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Ms. Willard's Kindergarteners

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Ms. Willard's kindergarteners researched for a long time, not only about important people, events, and movements of black history, but also about different types of performances they might participate in for our Talent Show. One student, Zemir, discovered his ability to write beautiful and powerful rap! The students performed their class rap with such intensity it nearly brought tears to my eyes. One line in particular stood out to me, and that was the students insisting that black history MUST make its way into every textbook, every class, and every school. At Patrick Henry, we couldn't agree more! Black history IS American history and it must be a part of our future!

Ms. Wolfe's Kindergarteners

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Ms. Wolfe's students researched Mr. Garrett Morgan, the inventor of the stoplight. Students got to research Mr. Morgan and create an edible art project! They used M&Ms to create their version of a traffic light, and of course they got to eat their art after the project was completed. Mr. Morgan's invention is of course still in use today, keeping everyone safe on the road in every state, every city, and every neighborhood. In fact, Dr. Rogers is working hard to get more traffic lights around Patrick Henry because they decrease road accidents!

Ms. Smith and Ms. Munnelly's Preschoolers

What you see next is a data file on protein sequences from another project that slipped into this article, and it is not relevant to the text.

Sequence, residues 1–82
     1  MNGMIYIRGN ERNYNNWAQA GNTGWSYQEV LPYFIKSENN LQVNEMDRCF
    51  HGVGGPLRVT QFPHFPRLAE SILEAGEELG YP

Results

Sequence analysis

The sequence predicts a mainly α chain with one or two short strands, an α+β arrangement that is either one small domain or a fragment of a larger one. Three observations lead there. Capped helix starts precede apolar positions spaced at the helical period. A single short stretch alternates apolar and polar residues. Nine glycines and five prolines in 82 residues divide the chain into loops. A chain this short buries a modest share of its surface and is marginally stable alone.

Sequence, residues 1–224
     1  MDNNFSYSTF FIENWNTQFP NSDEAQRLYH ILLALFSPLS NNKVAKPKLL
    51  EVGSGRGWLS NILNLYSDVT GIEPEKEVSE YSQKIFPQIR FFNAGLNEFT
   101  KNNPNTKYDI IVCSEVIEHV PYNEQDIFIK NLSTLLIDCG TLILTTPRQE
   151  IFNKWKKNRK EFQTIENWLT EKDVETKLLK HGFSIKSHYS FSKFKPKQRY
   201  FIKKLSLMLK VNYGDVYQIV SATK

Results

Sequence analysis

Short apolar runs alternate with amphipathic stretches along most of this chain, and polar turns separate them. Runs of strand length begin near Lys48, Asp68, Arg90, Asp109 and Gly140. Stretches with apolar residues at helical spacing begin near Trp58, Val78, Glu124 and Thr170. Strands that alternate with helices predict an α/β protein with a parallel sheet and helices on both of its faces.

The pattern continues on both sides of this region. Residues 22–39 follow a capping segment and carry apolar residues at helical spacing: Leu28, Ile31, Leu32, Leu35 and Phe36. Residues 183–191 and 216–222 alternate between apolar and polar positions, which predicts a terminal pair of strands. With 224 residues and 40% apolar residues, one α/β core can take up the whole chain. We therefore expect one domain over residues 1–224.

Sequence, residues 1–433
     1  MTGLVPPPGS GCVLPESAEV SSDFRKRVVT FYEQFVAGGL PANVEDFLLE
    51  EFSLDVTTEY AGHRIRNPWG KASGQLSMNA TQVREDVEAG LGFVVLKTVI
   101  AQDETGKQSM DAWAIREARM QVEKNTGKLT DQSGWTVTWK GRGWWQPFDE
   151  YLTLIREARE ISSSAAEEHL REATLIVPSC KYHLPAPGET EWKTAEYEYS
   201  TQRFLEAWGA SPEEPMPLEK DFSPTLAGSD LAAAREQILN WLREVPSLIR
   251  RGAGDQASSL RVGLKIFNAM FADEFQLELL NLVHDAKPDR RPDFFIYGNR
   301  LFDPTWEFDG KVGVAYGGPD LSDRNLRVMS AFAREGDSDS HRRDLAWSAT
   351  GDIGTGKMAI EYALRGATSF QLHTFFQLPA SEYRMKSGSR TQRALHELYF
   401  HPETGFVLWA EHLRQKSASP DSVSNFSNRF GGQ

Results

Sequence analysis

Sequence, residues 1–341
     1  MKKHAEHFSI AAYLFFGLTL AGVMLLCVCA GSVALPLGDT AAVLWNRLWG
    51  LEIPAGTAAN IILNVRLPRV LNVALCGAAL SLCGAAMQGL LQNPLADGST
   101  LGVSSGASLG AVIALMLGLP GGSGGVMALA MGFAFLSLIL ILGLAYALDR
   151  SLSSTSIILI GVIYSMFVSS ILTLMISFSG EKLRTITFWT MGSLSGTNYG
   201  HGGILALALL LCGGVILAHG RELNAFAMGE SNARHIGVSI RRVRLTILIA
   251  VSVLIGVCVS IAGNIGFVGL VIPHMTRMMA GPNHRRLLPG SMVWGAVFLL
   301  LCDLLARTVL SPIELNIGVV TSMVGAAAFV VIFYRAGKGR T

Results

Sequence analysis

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Our preschoolers performed an energetic version of "The Wheels on the Bus," complete with singing and dancing. Students studied Rosa Parks and her historic protest during the Montgomery Bus Boycott. Rosa Parks refused to give up her seat to a white passenger - even though every system in place required her to move to the "colored" section at the back of the bus, Rosa stood up for her right to sit anywhere on the bus. She stood up for all people to have the right to enjoy their civil liberties, no matter their skin color. Our preschoolers studied Rosa's example for all of us and celebrated her courage.

Thank you, Patrick Henry Staff!

Thank you to all of our teachers and support staff who made this program possible. It takes a lot of effort to make this kind of program happen, and our staff makes it a priority every year to make sure their students are shining in lights and learning!